Retinoids cannot be synthesized de novo by higher animals and consequently must be consumed in the diet. The two sources of retinoids are animal products that contain retinol and retinyl esters, and plant-derived carotenoids (provitamin A). b-carotene is the most potent vitamin A precursor and has been shown to be an active inhibitor of both tumor initiation and promotion (15).

A major function of retinol, relevant to cancer, is its function as an antioxidant. The antioxidant properties of vitamin A have been shown both in vitro and in vivo (16,17). Retinol deficiency causes oxidative damage to liver mitochondria in rats that can be reversed by vitamin A supplementation (18). A caveat to this is in vitro and in vivo evidence of chronic hypervitaminosis A inducing oxidative DNA damage, as well (19-21). Therefore, it is evident that maintaining the vitamin A concentration within a physiological range is critical to normal cell function because either a deficiency or an excess of vitamin A induces oxidative stress (22). Retinoic acids (RA) (all-trans, 9-cis and 13-cis) are the major biologically active retinoids and exert their effects by regulation of gene expression by binding two families of ligand-activated nuclear retinoid receptors (23). Retinoic acid receptors (RARs) and retinoid X receptors (RXRs) regulate the transcription of a large number of target genes that contain retinoic acid response elements (RAREs) in their promoters. Many of these genes are involved in cancer (13,24) and differentiation (24-26).

Several lines of evidence suggest involvement of defects in retinol signaling in cancer, from the observation that a vitamin A-deficient (VAD) diet leads to an increase in the number of spontaneous and chemically induced tumors in animals (27-29) to the observation that RA itself can induce  differentiation and inhibit the growth of many tumor cells (30-32), as well as the identification that components of the RA signaling pathway are absent in cancer cells (33). Vitamin A and its metabolites have been proposed to have a dual effect in cancer prevention, as antioxidants (16,17,19,34) and differentiating agents (35-37). as it is well accepted that retinoid signaling is integral in maintaining the differentiated state of many cell types (13,38). Additionally, current rationale for chemoprevention with retinoids is based, in part, on the hypothesis that some tumors, may arise due to loss of normal somatic differentiation during tissue repair.

C. PPARϒ Agonists

Peroxisome proliferator-activated receptor ϒ (PPARϒ) is a member of the steroid hormone receptor superfamily that responds to changes in lipid and glucose homeostasis but has increasing roles in differentiation and tumorigenesis. The first PPAR (PPARα) was discovered during the search of a molecular target for a group of agents then referred to as peroxisome proliferators, as they increased peroxisomal numbers in rodent liver tissue, apart from improving insulin sensitivity.  One of the first agents, developed in the early 80’s for treatment of hyperlipidemia and hperlipoproteinemia, was clofibrate.  All PPAR subtypes heterodimerize with the retinoid-x-receptor (RXR) and, upon binding of ATRA, activate target genes.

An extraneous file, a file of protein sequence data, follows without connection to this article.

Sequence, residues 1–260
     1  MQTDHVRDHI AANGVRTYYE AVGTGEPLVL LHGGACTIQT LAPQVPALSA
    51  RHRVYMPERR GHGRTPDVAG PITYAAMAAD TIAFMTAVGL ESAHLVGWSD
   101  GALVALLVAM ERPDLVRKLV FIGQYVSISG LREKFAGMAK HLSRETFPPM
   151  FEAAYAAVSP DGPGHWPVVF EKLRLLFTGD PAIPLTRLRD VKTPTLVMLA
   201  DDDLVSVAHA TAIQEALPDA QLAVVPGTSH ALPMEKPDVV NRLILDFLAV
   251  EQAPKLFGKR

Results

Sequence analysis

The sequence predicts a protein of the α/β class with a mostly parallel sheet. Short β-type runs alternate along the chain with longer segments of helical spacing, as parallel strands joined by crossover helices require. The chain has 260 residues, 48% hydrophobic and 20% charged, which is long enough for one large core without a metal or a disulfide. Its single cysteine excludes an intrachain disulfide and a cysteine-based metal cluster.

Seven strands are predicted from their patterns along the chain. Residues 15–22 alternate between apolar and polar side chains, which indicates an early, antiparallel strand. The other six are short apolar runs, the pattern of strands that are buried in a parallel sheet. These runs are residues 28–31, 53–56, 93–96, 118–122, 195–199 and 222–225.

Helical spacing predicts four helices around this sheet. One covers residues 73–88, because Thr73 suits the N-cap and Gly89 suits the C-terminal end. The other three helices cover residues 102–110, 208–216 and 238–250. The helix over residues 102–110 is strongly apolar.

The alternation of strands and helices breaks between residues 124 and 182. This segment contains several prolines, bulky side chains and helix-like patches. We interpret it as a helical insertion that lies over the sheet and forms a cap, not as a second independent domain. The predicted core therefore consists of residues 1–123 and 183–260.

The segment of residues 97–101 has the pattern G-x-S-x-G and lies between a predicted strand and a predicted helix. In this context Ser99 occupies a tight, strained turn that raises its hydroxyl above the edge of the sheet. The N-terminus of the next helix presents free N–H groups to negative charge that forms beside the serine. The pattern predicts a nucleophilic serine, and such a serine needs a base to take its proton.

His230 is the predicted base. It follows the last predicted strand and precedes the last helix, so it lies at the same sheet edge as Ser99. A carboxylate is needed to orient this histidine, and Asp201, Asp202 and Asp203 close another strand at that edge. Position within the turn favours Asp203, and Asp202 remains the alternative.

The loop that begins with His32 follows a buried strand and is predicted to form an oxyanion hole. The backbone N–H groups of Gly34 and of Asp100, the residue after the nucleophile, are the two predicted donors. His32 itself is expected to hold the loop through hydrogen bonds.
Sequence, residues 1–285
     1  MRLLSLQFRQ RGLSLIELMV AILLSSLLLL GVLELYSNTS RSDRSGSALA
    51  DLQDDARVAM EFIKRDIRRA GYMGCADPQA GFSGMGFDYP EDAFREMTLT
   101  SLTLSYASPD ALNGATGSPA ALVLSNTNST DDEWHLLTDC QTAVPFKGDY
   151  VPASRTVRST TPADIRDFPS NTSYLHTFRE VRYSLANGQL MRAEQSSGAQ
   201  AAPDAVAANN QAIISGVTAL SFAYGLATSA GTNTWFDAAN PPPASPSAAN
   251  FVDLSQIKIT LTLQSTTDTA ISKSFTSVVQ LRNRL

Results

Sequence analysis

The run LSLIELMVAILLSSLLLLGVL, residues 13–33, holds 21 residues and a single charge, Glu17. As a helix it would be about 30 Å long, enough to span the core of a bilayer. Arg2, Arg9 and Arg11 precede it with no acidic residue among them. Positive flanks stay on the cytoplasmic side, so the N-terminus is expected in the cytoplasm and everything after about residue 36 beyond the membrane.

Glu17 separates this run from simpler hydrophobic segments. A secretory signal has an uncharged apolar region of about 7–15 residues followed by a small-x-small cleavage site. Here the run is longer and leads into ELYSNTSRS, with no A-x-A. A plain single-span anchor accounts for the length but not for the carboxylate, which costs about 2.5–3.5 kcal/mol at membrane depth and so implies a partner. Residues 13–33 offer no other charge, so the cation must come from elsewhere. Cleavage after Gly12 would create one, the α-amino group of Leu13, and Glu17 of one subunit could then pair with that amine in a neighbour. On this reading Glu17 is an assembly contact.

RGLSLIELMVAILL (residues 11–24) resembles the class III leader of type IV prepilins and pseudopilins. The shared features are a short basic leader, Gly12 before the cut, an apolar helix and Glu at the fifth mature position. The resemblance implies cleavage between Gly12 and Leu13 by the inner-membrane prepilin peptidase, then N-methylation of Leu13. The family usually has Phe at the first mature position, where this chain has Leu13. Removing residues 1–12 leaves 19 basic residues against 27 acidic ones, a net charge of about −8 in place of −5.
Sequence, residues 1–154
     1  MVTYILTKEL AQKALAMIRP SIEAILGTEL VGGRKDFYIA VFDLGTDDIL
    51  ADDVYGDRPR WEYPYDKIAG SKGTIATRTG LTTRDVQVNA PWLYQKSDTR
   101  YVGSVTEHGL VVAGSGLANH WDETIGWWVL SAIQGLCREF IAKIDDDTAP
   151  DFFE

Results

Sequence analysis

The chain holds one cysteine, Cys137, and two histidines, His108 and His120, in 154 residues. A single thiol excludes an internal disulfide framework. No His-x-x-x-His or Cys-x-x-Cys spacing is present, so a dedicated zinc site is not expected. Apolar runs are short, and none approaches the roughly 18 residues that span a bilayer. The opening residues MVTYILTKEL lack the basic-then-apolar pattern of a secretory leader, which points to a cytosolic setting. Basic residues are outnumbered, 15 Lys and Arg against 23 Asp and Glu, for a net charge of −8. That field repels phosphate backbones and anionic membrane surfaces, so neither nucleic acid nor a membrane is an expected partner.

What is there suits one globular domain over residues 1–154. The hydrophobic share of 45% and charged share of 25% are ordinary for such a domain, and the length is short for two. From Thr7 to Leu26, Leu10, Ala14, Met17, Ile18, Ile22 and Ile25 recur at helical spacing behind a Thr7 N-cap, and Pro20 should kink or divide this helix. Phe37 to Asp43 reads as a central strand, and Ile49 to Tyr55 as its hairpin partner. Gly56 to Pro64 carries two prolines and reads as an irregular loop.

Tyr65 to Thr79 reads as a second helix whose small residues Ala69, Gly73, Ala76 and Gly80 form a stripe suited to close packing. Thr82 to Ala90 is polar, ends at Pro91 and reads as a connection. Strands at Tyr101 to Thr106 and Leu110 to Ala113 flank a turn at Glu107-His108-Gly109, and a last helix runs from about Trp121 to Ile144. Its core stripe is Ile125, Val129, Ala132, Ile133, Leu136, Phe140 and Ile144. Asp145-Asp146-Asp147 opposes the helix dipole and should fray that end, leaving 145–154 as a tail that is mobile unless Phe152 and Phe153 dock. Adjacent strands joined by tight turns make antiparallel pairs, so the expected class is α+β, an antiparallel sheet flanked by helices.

PPARϒ agonists have shown potential as a therapeutic in a variety of cancer types including bladder cancer (39), colon cancer(40),  breast cancer(41), prostate cancer(42).  There are numerous studies showing that PPARϒ agonists have anti-tumorigenic activity via anti-proliferative, pro-differentiation and anti-angiogenic mechanisms of action(43). For example, Papi et al. observed that agonists for the retinoid X receptor (6-OH-11-O-hydroxyphenanthrene), retinoic acid receptor (all-trans retinoic acid (RA)) and peroxisome proliferator-activated receptor (PPAR)-γ (pioglitazone (PGZ)), reduce the survival of MS generated from breast cancer tissues and MCF7 cells, but not from normal mammary gland or MCF10 cells(44) with concomitant upregulation of differentiation markers.

A great website for further information on PPAR is Dr. Jack Vanden Heuvel, Professor of Toxicology at Penn State University at http://ppar.cas.psu.edu/general_information.html.

D. Trabectedin

Trabectedin (ecteinascidin-743 (ET-743); Yondelis) is derived from the Caribbean tunicate Ecteinascidia turbinacta has antitumor activity by binding to the DNA minor groove thus disrupting binding of transcription factors and inhibiting DNA synthesis.  However, it has also been shown, in myxoid liposarcoma (MLS) cells, to cause dissociation of transcription factor TLS-CHOP from promoter sequences resulting in downregulation of target genes such as CHOP, PTX3 and FN1 and induces an adipogenic differentiation program by enhancing activation of CAAT/enhancer binding protein (C/EBP) family of genes.  In MLS, TLS-CHOP sequesters C/EBPβ resulting in block of differentiation programs while trabectedin disrupts this association freeing up C/EBPβ to act as transcriptional activator of genes related to differentiation.

Ongoing Cancer Clinical Trials with HDAC Inhibitors

The following is a listing of some clinical trials using histone deacetylase inhibitors in combination with approved chemotherapeutics in various tumors.  This data was taken from the New Medicine Oncology Knowledge Base ( at http://www.nmok.net).

hdactrial1 hdactrial2

Issues and Future of Differentiation-based Therapy